FG confirms 110 Dapchi schoolgirls missing, helicopters, jets join search

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Olusola Fabiyi, Olalekan Adetayo, Eniola Akinkuotu, Leke Baiyewu, Olaleye Aluko, Ted Odogwu,

Kayode Idowu and Justin Tyopuusu

The Federal Government has confirmed that 110 pupils of the Government Science and Technical College in Dapchi, Yobe State, are still unaccounted for after Boko Haram terrorists invaded their school on Monday last week.

The Minister of Information and Culture, Alhaji Lai Mohammed, said this in a statement on Sunday by his Special Adviser, Segun Adeyemi.

According to the statement, Mohammed announced the figure after a meeting between a Federal Government delegation and representatives of key stakeholders in Damaturu, Yobe State capital, on Sunday.

The stakeholders included the state government, the college authorities, parents, security agencies and the Bursari Local Government Area, where Dapchi is situated.

Mohammed said, based on briefings from the principal of the college, Hajia Adama Abdulkarim, and the state Commissioner for Education, Mr. Mohammed Lamin, 906 pupils — out of whom 110 had not been accounted for — were in the school on the day of the attack.

The minister said the Federal Government had stepped up efforts to find the girls and return them safely to their parents.

He said, “This is the second time in four days that a Federal Government delegation will visit Yobe State since the incident.

“This is a measure of the seriousness with which we are addressing the issue. The security forces are leaving no stone unturned in their search for the girls.”

The Minister of Interior, Lt. Gen. Abdulrahman Dambazau (retd.), said the delegation embarked on the trip in order to get the facts right “so that the approach to the solution can be correct.’’

“We must get back the girls and also ensure that this does not happen again,’’ he added.

In one of its verified Twitter handles, @Aso Rock, the presidency also said 110 pupils were missing.

The message read in part, “The Federal Government delegation is back in Yobe State today (Sunday), regarding the missing girls of Government Science and Technical Girls College, Dapchi.

“The Federal Government confirmed that 110 students are so far unaccounted for.

“An earlier visit took place Thursday February 22, 2018.”

FG creates situation room, awaits B’Haram contact

The Federal Government is to establish a situation room to harness information about the missing schoolgirls.

The Minister of Interior stated this, adding, “We need to work with the parents, security, the state government and everybody. That is why a kind of situation room is being put together now that will involve traditional rulers, the parents, local people and all the security agencies.”

A highly-placed security source told one of our correspondents on Saturday that the government was working on the suspicion that the Abu Musab al-barnawi-led faction of Boko Haram might be responsible for the abduction of the schoolgirls.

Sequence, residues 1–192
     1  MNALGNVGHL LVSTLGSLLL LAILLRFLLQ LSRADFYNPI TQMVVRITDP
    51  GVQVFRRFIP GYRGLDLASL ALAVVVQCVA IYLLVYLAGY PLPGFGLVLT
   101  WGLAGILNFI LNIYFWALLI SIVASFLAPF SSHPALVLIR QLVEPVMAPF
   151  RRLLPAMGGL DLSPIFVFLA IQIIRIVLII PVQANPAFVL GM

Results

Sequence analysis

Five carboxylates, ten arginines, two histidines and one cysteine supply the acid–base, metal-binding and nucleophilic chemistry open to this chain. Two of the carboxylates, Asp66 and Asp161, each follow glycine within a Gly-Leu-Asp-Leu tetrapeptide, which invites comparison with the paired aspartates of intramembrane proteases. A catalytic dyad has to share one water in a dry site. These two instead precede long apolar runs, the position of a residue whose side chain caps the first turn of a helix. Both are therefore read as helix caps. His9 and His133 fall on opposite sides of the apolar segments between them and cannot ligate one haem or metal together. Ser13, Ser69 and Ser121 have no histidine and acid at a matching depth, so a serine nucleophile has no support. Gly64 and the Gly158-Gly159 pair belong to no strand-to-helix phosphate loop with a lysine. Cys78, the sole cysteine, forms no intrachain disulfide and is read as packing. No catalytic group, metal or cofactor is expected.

The source said the government expected that the terrorists would reach out to it in the next couple of days.

He said, “Now that we have been able to ascertain the number of missing girls, we are waiting for the terrorists to make contact. We believe that it is the al-barnawi faction of Boko Haram that abducted them because Shekau and his men have been decimated.”

Gaidam blames military again

The Yobe State Governor, Ibrahim Gaidam, has insisted that the military and the defence headquarters that withdrew troops from Dapchi town shortly before the attack and abduction of the schoolgirls in Dapchi are to blame.

According to him, Dapchi town has been peaceful and never witnessed such an incident until barely a week after the military withdrew the troops from the town.

“If the soldiers had been on the ground, the attack on the town and subsequent abduction of the schoolgirls would not have happened.

“This is not the first time the absence of soldiers has exposed our people to attack by Boko Haram. In 2013, a secondary school in Buni-Yadi was attacked a week after the military removed soldiers guarding the town. So, let me be quoted anywhere, the military must take the blame for the attack on Dapchi,” he said.

No blame game – Military

But the Director, Defence Information, Brig. Gen. John Agim, in a text message and telephone conversation with The PUNCH said, “This is not an entertainment. The lives of children are involved. The military is not ready for a blame game. I don’t want to comment on anything again on that issue (the Yobe State Governor’s claim).”

The Defence Headquarters, Abuja, had on Saturday, faulted the governor, noting that troops were located “just 30 kilometres to the school.”

Seven surveillance helicopters, jets join search

No fewer than seven surveillance aircraft, including helicopters and fighter jets, have been deployed by the military in Yobe State to join in the search for the missing schoolgirls, it was learnt on Sunday.

The PUNCH gathered that the air assets – NAF 575, NAF 560, NAF 454, NAF 810 NAF 452, NAF 931 and NAF 930 — would be used for intelligence, surveillance and reconnaissance mission in the North-East in an effort to locate the schoolgirls.

The Nigerian Air Force, which confirmed the deployment of the ISR platforms on Sunday, noted that its search operations for the schoolgirls in the last few days “did not yield the desired results and it was set to renew its efforts.”

The NAF Director of Public Relations and Information, Air Vice Marshal Olatokunbo Adesanya, who confirmed the deployment of air artillery in Yobe State, said, “The air force has deployed additional air assets, including intelligence, surveillance and reconnaissance platforms in the North-East in a renewed effort at locating the missing Dapchi girls. Before now, following confirmation of reports that some of the girls had yet to be accounted for, the NAF had deployed some ISR platforms and helicopters to search for the missing girls, as well as the rogue Boko Haram terrorists.